On his first album in five years, Adam Lambert finds his groove by moving in the right direction. Velvet feels effortless and natural, from the funk and disco beats to the synth and soft rock influences.
More Is More
20 March 2020
Adam Lambert is done playing by the rules. In the last decade, since rising to fame as an American Idol runner-up and touring extensively with Queen as their frontman since 2014, he's established himself as a talented vocalist with a falsetto that channels the nostalgic sounds of the eras that came before him. But his music didn't always represent that talent as much as it could have. His first album For Your Entertainment kept him in the mainstream for a hot minute, thanks to production from Dr. Luke and Max Martin. But his follow-up albums Trespassing and The Original High—both of which aimed towards mainstream electropop—lacked originality and allowed Lambert's true talents to slip through the cracks. Now, five years later, he's back with a new studio album on an independent label that is more funky, soulful, silky, and authentically Adam Lambert than we're used to hearing.
"I've been feeling nostalgic," he laments on the title track of his fourth studio album, Velvet, but he doesn't need to tell us that. From the moment the album begins, its retro, nostalgic sounds are immediately front and center. Making an album whose sound is rooted in those of the past is certainly nothing new, but it works so well here because Lambert is in his element—something that, aside from performances with Queen, we've never quite seen in his solo work. Velvet feels effortless and natural, from the funk and disco beats to the synth and soft rock influences.
It sometimes feels forced and unnatural when an artist decides to channel their inspirations from the past, attempting to fit a puzzle piece where it doesn't belong. If anything, Lambert's previous music is what feels hopelessly forced and contrived in comparison to Velvet. The singer described the album as the "most authentic" version of himself, commenting that he's leaned "really far into [his] queerness" on this record. "Wanna rock something in my own kind of way / Like it's tailor-made for me," he sings on the title track. "Think I found someone I can get lost in / Cut from the same cloth as me."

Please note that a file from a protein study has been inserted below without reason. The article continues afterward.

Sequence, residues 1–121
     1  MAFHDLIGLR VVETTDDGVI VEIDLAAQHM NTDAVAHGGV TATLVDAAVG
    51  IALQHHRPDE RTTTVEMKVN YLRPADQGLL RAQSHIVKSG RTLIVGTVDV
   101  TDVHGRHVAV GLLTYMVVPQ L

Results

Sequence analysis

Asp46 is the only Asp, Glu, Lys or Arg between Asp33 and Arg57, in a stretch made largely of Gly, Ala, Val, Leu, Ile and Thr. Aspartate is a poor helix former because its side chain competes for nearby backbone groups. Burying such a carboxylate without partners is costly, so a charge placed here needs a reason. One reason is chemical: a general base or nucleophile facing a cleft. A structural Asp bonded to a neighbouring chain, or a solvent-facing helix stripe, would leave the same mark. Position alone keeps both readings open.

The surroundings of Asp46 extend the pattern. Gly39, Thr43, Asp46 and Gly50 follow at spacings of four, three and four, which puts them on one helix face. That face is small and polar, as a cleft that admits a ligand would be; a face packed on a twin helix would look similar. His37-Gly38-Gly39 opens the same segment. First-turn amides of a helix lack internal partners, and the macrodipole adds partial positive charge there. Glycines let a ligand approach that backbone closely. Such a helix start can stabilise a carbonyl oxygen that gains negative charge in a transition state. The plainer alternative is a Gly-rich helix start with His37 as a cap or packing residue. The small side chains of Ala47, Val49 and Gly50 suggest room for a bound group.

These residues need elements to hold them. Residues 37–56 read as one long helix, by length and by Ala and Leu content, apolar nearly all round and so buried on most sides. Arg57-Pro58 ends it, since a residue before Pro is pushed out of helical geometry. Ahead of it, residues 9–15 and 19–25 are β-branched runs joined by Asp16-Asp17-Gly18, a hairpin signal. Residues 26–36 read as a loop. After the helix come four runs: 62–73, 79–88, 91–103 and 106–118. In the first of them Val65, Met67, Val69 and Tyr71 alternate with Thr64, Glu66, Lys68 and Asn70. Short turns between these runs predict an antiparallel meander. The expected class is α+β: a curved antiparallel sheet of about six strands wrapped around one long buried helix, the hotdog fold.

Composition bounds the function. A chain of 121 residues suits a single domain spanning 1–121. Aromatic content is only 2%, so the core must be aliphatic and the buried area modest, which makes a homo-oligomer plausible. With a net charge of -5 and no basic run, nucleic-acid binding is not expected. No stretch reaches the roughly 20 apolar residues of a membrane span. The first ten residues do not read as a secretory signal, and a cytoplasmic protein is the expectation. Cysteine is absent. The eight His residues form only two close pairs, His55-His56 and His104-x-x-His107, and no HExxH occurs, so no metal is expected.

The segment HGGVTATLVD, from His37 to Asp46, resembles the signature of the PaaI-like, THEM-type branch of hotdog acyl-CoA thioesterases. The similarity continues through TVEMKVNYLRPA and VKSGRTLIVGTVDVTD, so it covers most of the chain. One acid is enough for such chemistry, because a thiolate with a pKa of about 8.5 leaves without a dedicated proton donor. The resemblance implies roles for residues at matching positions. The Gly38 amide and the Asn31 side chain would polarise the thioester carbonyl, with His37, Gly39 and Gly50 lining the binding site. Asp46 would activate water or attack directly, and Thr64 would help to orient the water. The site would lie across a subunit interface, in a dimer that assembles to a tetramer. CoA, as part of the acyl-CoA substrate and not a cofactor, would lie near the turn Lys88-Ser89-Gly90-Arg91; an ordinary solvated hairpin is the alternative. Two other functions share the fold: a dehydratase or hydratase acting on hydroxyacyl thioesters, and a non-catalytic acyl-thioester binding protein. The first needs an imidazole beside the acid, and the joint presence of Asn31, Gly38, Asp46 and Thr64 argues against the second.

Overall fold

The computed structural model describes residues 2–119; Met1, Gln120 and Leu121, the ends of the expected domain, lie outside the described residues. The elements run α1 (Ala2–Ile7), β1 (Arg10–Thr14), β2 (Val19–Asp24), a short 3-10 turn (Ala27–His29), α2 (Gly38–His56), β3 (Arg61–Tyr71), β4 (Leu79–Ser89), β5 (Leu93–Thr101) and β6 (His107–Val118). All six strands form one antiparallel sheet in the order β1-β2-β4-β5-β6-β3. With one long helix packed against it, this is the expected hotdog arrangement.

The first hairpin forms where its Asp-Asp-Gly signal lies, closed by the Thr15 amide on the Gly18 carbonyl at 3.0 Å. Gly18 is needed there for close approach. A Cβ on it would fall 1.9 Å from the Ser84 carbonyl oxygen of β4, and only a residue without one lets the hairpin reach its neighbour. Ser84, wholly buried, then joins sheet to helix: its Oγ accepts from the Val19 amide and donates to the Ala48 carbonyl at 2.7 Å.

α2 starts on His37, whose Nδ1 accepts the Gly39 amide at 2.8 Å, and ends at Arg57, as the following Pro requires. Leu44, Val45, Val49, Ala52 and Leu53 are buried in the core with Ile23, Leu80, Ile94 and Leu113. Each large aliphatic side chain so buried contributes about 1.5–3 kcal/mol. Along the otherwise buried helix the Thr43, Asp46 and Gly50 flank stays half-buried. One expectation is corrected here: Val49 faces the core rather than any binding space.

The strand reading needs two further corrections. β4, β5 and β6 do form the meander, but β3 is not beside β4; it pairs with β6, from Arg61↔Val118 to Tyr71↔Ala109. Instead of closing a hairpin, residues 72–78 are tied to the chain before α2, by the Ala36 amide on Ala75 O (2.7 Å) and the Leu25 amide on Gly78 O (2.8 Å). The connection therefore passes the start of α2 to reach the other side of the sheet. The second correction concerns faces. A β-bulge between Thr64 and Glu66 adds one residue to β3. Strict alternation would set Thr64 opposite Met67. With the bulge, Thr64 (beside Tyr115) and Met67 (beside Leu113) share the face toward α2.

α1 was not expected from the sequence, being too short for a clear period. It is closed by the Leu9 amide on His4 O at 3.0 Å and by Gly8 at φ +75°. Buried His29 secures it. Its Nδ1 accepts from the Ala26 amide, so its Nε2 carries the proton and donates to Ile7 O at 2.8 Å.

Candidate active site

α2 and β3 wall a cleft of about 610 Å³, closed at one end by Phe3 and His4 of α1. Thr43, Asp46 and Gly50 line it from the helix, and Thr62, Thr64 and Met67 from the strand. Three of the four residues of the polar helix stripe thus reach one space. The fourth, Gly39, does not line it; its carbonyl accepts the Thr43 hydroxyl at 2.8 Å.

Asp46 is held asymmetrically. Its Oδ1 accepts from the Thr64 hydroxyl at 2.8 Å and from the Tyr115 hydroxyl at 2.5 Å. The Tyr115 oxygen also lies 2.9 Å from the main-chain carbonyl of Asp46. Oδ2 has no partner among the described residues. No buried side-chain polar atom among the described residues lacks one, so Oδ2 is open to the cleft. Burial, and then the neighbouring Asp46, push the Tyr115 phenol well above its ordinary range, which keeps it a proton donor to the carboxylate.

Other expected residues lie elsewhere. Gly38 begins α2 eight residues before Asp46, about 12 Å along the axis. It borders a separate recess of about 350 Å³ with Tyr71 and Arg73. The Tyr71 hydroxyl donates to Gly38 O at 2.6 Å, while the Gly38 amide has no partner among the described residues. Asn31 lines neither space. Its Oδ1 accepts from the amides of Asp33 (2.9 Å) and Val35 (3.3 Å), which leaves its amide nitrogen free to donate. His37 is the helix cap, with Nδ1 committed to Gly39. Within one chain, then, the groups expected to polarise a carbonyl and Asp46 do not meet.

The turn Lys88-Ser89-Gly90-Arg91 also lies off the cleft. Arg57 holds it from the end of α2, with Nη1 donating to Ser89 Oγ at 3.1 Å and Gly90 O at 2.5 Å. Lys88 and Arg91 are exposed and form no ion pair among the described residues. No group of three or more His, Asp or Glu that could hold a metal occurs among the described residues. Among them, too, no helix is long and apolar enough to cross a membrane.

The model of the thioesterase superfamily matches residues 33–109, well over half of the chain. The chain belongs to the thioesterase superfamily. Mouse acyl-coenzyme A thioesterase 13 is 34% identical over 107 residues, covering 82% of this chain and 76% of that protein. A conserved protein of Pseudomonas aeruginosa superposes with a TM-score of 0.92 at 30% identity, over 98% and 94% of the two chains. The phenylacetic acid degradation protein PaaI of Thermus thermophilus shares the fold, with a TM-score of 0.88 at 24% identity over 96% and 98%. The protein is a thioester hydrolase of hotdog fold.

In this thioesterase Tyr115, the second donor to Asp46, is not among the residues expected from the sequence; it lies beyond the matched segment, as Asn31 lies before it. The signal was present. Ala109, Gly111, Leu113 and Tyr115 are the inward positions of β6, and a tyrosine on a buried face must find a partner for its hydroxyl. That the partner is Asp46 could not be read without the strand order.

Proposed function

It's far from groundbreaking for an artist to throw caution to the wind and lean into his true inspirations and talents. Still, for Lambert—whose performance ability had long since eclipsed his studio work—a change of pace was long overdue. "You try to put me in a box, make me something I'm not," he says on the R&B-influenced "Superpower", which sets the tone for an album about breaking free.
Velvet also undoubtedly draws inspiration from Queen, whether that was the intention or not. "Stranger You Are", an outsider's anthem sounds like it could have been featuring Freddie Mercury in another life. Lambert especially shines with his latest collaboration with Nile Rodgers, "Roses", as well as the heart-wrenching ballad "Closer to You". Masterpieces like "Loverboy" and "Overglow" make me want to forget that Lambert's previous attempts at mainstream pop ever existed. He has found his groove, crafting songs that would work well for both a dancefloor and a living room evening party. His R&B influences bring to mind the earlier work of Alicia Keys, while the funkier parts of the album place Lambert alongside Harry Styles as a purveyor of sounds from decades past, reimagined for a new generation.
Velvet closes with the ballad "Feel Something", whose lyrics perhaps reference a tormented love life: "I don't need to feel love, I just need to feel something / If it's never enough, at least it's better than nothing." It could be a love song, or it could be a song about passion—about the need for fulfillment in life through art and love, not necessarily in that order. We all need to feel something to be inspired, to create, and to continue putting one foot in front of the other. With his fourth studio album, Adam Lambert is finally taking a step in the right direction.